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Published: October 21st 2008
Hot Air Ballooning over Cappadocia
Our balloon was the first one off the ground, giving us wonderful views of the other balloons yet to take off.
Early morning surprise
I begrudgingly woke up at 5:00am this morning to get ready for my sunrise hot air balloon ride over Cappadocia. I had originally not planned on doing this particular ride because of the cost, opting instead to do the ride over the Valley of the Kings in Egypt, but after much umming & aaahing (something not unsurprising of me) I eventually got swayed by the masses and joined in with everyone to do the ride. Me being me - it was in for a penny, in for a pound - so having made the decision to do it - I went all out and chose the deluxe version, complete with champagne & extended flight time….Yeay!!
Sadly as I sat with the rest of the group in the pitch black morning, waiting to be picked up by the balloon company - it became very evident that our sunrise flight was not going to eventuate. An hour later - after staring into space like a drugged up teenager due to lack of sleep - we were told to go back to our rooms to sleep because the flights had been cancelled as a result of bad weather.
At least my wallet was happy…. A tour of Cappadocia
We picked up our tour guide and went to the underground city of Derinkuyu translated as 'Dark Well'. From above ground - it looked like nothing more than a concrete shed in an enclosed gated area in the middle of nowhere. As we followed our guide deep into the heart of the caves we discovered that it actually comprised multiple levels, eight of which are currently open to the public for viewing (roughly 10%!o(MISSING)f the actual city's total area). Making our way through the various levels meant walking up & down some ridiculously narrow and in some instances very steep steps to get to the next level. These caves are certainly not for the claustrophobic as we spent a good amount of time hunched over in narrow passages and in darkened rooms to get a good idea of what it would have been like to live in such an environment.
Following on from our visit to the underground city we went above ground to see the giant stone statues dubbed ‘fairy chimneys’ by the locals which were originally formed as a result of lava produced by volcanoes
in the area over 10 million years ago. Of course - the resulting formations are the result of years of erosion of the softest parts of the rock, leaving the conical shape & cap that now remains. Hot air balloon ride
We eventually got the all clear to do the hot air balloon around 3pm which also meant a cancellation of our planned outing to the Turkish Bathhouse - but was well worth it.
We stood around as a group watching them unravel the balloon & setting up the basket that we would be riding in. Watching them inflate the balloon was an experience in itself. Using a combination of giant fans & flame jets of hot air to inflate the balloons it didn’t take long to watch them slowly rise up to the sky. As soon as they were fully inflated we all made a mad scramble to climb into the balloons to get the best vantage point. Once I was inside the balloon - I started to have a mild panic attack as I watched us slowly start to ascend upwards. I felt a bit light headed thinking about the fact that there was nothing between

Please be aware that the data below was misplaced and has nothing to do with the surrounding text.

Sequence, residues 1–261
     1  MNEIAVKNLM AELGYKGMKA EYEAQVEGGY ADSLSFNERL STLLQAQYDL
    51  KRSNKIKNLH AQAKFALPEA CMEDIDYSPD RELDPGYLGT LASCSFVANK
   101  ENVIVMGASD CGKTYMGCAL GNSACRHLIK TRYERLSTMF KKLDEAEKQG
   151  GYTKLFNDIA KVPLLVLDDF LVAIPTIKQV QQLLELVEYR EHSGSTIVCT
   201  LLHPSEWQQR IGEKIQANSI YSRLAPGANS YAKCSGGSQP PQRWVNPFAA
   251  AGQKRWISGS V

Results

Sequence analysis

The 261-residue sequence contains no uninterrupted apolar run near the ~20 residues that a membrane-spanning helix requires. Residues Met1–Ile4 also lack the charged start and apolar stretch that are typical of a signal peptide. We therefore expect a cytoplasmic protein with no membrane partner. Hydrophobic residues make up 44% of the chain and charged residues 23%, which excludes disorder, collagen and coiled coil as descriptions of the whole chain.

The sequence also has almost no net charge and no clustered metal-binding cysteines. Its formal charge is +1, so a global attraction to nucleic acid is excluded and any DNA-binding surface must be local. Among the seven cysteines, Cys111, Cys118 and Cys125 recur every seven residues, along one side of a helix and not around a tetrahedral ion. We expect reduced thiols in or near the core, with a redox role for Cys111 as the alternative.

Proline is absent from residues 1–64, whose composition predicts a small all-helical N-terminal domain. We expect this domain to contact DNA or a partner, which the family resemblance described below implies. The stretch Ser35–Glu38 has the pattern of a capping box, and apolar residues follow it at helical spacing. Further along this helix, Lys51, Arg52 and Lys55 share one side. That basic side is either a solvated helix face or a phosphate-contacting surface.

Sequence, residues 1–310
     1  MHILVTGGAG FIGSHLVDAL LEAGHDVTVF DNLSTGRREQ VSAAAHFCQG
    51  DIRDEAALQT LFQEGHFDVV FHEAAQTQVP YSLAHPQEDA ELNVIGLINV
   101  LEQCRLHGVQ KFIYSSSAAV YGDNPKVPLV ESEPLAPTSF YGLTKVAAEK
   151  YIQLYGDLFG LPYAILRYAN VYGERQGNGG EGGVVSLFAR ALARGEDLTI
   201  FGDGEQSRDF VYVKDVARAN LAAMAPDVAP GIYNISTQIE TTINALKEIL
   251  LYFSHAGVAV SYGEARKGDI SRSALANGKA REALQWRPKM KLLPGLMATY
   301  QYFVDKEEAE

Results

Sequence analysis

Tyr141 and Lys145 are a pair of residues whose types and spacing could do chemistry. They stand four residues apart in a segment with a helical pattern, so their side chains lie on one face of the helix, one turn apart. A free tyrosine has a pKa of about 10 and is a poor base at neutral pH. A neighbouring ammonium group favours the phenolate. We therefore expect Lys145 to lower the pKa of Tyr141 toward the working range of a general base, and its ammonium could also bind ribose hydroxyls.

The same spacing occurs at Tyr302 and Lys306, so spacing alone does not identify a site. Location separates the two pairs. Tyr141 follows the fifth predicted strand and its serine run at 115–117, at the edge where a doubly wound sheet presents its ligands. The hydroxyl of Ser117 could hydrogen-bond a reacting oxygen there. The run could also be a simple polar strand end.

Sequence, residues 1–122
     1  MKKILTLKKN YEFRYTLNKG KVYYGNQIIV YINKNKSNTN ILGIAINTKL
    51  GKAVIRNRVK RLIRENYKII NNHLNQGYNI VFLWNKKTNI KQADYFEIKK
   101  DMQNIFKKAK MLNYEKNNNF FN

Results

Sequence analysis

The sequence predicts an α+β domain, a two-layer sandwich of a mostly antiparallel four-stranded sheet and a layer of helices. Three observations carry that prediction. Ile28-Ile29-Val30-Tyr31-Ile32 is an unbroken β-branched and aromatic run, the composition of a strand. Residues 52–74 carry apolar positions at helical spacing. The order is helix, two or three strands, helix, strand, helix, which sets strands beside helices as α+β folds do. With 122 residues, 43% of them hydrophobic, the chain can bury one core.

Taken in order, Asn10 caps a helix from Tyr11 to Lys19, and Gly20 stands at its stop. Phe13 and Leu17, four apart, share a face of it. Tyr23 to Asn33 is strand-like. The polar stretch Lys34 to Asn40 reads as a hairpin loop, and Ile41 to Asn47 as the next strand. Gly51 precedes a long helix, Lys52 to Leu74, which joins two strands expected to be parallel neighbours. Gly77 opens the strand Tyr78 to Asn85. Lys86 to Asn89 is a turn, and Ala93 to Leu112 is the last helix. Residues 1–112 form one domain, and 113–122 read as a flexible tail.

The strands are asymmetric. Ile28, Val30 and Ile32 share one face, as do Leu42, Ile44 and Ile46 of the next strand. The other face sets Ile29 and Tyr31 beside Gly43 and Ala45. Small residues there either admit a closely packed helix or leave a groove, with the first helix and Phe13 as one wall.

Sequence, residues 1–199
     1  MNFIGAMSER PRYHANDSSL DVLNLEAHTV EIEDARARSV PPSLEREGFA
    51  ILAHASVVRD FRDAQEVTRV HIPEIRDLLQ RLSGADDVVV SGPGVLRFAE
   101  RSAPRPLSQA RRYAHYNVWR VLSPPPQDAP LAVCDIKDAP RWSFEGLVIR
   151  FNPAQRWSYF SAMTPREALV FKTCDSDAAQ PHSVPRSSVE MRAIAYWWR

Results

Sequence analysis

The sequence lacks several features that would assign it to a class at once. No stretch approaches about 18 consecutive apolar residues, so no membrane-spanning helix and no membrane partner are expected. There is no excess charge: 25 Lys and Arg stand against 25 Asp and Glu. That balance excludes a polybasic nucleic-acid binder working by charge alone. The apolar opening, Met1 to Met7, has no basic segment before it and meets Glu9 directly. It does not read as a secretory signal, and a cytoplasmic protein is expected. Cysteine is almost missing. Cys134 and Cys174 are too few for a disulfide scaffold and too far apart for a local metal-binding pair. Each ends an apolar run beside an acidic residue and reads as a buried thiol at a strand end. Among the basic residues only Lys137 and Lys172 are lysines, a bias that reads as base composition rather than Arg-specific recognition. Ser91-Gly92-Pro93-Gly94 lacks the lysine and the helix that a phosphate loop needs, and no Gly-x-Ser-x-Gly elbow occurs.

me and the ground below except for a bundle of woven sticks. Flashes of me falling through the basket or falling off did cross my mind more than once as we slowly ascended upwards.
My slight panic attack didn’t last long - especially once we were high enough to get a fantastic view of the surrounding landscape. Once the flame jets were turned off and we were floating in the sky there was nothing but silence all around us. It was so peaceful to float around looking at the various rock formations that made up the landscape of Cappadocia. Every now and again we would descend back so close to the ground we could almost jump off. Then we would ascend again up over the hills, sometimes brushing into trees as we went along to give us multiple vantage points of the area.
The views were nothing like I had ever seen before and the hot air balloon ride over the landscape was breathtaking. It truly was an experience not to be missed - and has so far been one of the highlights of the trip for me this far. Turkish Night
No tour can be complete
without some sort of tacky activity to go with it. So later that evening we all ended up at some local establishment for their ‘Turkish Night’. We joined groups of other tourists as we sat in a cave like restaurant to watch various performances of all things Turkish - whilst eating a selection of meze and some sort of rice & lamb dish and drinking an assortment of local spirits, beer & wine.
The only thing noteworthy about the evening was the chance to see the Whirling Dervishes - something that I was unable to see previously in Istanbul. Hindsight would have been a wonderful thing - and the evening would have been better spent wandering around the lit up streets of Goreme looking at the trinket shops and eating in one of the local restaurants.
Nevertheless another late night was bound to be had as the group quickly made their way through the copious amounts of alcohol on offer and at some point in the evening we all ended up in one of the local bars named ‘Fat Boys’ for a continuation of the party atmosphere.
We all knew we would regret it in the morning.
A wonderful example of some of the pottery we saw in Cappadocia. Unfortunately a picture is all that I have as a memory of it.
(some more than others and No! not me) but we decided not to worry about that for the moment.
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